Véronique Bouillier The Violence of the Non-Violent, or Ascetics in Combat in,
Denis Vidal, Gilles Tarabout, Eric Meyer (eds) Violence/Non-Violence: Some Hindu Perspectives (Manohar, 2003)
Matthew Clark, The Daśanāmī-Saṃnyāsīs: The Integration of Ascetic Lineages into an Order (Brill, 2006)
Ronald M Davidson Indian Esoteric Buddhism: A Social History of the Tantric Movement (Columbia University Press, 2002)
Timothy S. Dobe Hindu Christian Faqir: Modern Monks, Global Christianity, and Indian Sainthood (Oxford University Press, 2015)
J.N. Farquhar, The Fighting Ascetics of India (The John Rylands Library, 1925)
Sondra L. Hausner, Wandering with Sadhus: Ascetics in the Hindu Himalayas (Indiana University Press, 2007)
David Lorenzen, Warrior Ascetics in Indian History (Journal of the American Oriental Society, Vol.98, No.1 (Jan-Mar., 1978), pp61-75)
David Lorenzen, Adrian Muñoz (eds) Yogi Heroes and Poets: Histories and Legends of the Nāths (State University of New York, 2011)
James Mallinson Nāth Saṃpradāya – entry in Vol. 3 of the Brill Encyclopedia of Hinduism (see author’s page on Academia.edu)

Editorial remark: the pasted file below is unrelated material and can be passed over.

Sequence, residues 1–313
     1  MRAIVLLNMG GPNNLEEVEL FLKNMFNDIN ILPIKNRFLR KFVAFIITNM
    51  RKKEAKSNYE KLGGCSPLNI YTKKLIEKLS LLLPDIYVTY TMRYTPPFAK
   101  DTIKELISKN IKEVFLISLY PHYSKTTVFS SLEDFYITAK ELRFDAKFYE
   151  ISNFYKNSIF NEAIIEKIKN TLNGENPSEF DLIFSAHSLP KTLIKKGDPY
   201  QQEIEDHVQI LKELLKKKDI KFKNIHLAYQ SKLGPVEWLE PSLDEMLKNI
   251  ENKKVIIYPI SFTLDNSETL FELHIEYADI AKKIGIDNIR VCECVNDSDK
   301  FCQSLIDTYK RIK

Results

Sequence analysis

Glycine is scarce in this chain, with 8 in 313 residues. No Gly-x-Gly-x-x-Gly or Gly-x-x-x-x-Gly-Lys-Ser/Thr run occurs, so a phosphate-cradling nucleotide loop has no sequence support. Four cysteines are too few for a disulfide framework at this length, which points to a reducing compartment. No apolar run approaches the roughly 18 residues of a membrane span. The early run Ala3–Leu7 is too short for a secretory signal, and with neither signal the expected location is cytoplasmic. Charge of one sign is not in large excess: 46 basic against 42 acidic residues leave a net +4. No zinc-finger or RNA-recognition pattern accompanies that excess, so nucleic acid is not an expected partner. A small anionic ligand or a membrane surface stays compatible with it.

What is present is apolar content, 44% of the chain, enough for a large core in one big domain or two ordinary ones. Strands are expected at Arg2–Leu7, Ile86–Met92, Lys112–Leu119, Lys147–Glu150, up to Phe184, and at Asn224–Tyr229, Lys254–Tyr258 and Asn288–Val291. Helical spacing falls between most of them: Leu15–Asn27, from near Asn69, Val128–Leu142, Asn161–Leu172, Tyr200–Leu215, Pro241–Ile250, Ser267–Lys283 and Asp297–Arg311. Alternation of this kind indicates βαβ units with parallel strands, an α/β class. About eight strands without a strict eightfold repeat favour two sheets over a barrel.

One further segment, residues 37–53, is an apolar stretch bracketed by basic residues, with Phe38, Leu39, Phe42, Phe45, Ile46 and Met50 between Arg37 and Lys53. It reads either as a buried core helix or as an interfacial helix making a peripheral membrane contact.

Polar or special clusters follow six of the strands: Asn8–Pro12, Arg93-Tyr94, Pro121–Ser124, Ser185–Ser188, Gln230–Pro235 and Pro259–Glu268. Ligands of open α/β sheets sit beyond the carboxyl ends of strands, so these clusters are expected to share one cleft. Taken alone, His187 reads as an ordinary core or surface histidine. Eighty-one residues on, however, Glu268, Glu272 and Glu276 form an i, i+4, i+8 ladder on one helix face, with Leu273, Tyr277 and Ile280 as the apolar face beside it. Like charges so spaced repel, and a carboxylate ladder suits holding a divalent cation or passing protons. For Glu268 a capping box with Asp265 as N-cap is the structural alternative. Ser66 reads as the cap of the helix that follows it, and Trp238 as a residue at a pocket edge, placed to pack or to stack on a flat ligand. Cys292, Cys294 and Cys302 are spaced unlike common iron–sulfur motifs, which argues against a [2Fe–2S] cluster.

Patrick Olivelle, Ascetics and Brahmins: Studies in Ideologies and Institutions (Anthem Press, 2011)
William R. Pinch Peasants and Monks in British India (University of California Press, 1996)
Alexis Sanderson The Śaiva Age: An Explanation of the Rise and Dominance of Śaivism during the Early Medieval Period in, S. Einoo (ed) Genesis and Development of Tantrism (Institute of Oriental Culture, University of Tokyo, 2009)
David Gordon White Sinister Yogis (University of Chicago Press, 2009)
- Arthaśāstra 1.11.4-8, quoted from Olivelle, 2011, p299. ↩
- see Joseph Alter’s The Wrestler’s Body: Identity and Ideology in North India (Oxford University Press, 1992) for an account of Indian wrestling ↩
- Lorenzen does note however, that Mādhavācārya’s account, although it borrows verses from earlier works, cannot be dated earlier than between 1630-1800. ↩